Micro, Small and Medium Sized Enterprises (MSMEs) are key drivers of job creation, economic diversification and innovation, especially in developing countries whose economies are frequently based on natural resources. Despite their critical role, MSMEs face a broad range of constraints that smother their potential. These include poor hard and soft infrastructure, unhelpful environments, as well as a lack of skills, experienced mentors and easily accessible markets. Of primary importance, however, is that access to finance for MSMEs is severely restricted in many developing countries. The total unmet need for credit by all formal and informal MSMEs in emerging markets today is significant – in the range of $2.1 trillion to $2.5 trillion, according to the IFC and McKinsey.
One area for focus is building the capacity of local financial institutions to provide finance for SMEs. CDC, the UK’s development finance institution (DFI), whose mission is building businesses in Africa and Asia and creating jobs, works with over 200 financial institutions in 30+ countries to make SME finance more easily available. In Uganda, CDC is this year celebrating the 50th anniversary of DFCU, which it co-founded with the Government of Uganda in 1964. DFCU has grown to become one of the country’s largest banks and a leading provider of finance to small businesses.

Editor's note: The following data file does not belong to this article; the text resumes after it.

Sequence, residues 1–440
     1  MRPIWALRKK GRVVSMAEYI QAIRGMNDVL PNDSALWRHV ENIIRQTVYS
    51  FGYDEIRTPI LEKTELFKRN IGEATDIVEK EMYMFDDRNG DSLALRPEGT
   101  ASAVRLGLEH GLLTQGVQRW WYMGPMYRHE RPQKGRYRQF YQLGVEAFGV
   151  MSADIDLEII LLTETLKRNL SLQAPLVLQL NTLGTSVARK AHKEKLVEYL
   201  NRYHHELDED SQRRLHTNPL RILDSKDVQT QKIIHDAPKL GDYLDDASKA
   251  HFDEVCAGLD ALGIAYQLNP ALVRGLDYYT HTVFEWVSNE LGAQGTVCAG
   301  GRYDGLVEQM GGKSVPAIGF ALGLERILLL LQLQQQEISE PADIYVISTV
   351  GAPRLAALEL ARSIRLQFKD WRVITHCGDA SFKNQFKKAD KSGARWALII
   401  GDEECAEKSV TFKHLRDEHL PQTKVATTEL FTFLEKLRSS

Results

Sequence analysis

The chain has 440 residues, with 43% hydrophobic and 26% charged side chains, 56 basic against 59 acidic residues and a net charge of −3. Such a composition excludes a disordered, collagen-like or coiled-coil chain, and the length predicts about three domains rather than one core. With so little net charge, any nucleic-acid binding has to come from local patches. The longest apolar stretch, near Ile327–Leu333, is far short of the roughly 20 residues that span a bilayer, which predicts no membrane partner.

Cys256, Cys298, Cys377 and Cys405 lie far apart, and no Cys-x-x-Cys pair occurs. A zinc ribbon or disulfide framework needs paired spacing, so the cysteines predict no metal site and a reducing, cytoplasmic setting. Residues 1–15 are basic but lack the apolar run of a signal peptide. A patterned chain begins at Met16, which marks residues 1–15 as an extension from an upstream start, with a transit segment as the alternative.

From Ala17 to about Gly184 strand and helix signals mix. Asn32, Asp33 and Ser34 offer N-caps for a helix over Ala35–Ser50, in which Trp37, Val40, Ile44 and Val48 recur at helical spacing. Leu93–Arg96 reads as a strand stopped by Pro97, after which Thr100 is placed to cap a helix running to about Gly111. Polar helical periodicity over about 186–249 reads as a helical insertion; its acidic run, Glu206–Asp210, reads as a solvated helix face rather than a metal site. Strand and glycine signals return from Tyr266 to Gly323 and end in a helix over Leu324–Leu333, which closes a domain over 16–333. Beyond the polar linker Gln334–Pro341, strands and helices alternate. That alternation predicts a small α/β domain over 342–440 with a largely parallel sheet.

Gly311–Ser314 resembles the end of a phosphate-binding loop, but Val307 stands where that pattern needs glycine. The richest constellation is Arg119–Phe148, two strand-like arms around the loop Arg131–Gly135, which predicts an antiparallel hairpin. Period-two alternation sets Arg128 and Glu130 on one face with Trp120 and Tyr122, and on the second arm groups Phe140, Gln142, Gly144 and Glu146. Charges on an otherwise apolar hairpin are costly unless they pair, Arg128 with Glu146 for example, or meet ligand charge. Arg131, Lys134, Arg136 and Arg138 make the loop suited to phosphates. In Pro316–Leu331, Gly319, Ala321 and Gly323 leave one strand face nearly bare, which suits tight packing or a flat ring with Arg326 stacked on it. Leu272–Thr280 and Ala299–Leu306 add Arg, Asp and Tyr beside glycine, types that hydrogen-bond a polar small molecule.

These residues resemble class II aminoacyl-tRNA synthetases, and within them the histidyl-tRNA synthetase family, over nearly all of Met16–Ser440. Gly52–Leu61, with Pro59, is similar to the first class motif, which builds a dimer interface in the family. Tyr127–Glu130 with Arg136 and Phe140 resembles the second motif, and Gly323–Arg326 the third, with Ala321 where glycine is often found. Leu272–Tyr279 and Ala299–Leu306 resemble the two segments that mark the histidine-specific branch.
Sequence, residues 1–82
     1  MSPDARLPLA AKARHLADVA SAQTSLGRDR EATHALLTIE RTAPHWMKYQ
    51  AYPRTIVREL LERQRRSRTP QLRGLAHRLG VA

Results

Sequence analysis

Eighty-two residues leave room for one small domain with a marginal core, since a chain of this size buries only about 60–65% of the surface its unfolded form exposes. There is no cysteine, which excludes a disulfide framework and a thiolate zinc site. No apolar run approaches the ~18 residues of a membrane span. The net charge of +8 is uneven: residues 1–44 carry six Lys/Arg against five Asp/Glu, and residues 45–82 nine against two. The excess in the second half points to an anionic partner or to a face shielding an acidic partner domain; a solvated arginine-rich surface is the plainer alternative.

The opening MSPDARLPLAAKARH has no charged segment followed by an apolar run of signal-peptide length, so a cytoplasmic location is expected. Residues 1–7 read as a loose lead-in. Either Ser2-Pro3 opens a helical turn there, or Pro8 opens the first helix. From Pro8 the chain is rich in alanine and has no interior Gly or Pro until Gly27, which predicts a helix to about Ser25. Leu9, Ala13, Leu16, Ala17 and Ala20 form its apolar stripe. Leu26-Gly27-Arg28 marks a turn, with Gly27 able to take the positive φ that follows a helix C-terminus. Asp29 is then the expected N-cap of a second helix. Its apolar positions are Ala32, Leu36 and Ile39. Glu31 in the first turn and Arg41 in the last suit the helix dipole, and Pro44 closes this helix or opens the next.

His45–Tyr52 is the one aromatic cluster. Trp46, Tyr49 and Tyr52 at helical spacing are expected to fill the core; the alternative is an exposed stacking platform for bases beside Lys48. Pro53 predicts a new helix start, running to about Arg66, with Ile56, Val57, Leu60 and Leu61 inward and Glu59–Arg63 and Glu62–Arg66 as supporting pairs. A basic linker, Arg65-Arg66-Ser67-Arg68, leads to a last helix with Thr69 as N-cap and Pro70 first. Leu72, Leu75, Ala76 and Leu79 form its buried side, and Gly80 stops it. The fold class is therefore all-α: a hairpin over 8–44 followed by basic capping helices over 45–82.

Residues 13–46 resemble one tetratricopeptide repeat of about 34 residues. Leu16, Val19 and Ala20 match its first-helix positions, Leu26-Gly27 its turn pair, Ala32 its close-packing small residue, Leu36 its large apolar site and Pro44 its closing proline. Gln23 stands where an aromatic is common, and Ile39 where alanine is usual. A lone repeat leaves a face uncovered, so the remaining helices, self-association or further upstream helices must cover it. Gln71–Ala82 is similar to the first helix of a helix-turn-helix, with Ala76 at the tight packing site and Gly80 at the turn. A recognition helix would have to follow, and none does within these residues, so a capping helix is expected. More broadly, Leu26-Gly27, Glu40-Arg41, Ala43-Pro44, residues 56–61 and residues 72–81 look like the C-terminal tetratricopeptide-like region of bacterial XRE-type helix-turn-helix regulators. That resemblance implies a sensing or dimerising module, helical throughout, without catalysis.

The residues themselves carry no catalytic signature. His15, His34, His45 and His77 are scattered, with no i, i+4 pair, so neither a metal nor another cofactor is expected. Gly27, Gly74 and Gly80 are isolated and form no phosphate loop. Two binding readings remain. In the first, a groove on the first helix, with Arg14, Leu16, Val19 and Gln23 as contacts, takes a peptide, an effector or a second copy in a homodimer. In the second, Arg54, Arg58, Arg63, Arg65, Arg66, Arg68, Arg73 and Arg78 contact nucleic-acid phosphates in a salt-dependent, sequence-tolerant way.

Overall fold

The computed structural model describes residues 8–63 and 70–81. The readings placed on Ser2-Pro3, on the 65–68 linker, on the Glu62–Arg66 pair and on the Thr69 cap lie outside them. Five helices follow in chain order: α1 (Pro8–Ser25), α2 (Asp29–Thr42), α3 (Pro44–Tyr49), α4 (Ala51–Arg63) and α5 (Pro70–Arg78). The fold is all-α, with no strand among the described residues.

To coincide with this anniversary, Business Fights Poverty in partnership with CDC is leading a discussion on how best to help small businesses to grow.
Key questions for the discussion include:
Matthew, Can I have the link to your blog?
Hi Miebi - I think this is the link Matthew is referring to: http://smefinanceforum.org/322200/blog
Thank you Zahid
18 hours late, here is my take. A business model should already up and running and to a certain extent profitable before committing or involving a community. Too much risk in starting up an SME when a community has a lot of adjustments to make, e.g. values formation, capacity building, objectives setting, etc. The probability to success and sustainability is increased if less time is spent in experimenting with a business model. Governments and private investors must recognize the need for hand holding until the program can run profitably. I have seen a program or two collapse due to the "plug and play" manner of implementation. As I posted many moons ago, SMEs need all the incentives and tax breaks from government until the business is highly profitable. Private investors need to make time to professionalize the SME. Latly for private companies, value chain partnering is the way to go.